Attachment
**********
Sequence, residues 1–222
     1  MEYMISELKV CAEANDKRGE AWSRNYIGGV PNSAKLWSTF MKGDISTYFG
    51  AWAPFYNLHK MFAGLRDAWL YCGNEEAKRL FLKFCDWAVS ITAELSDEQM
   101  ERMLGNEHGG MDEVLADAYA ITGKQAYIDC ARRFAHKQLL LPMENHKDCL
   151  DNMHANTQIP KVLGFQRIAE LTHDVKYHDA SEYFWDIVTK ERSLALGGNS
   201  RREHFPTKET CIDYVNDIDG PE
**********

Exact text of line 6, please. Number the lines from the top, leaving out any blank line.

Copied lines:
   201  RREHFPTKET CIDYVNDIDG PE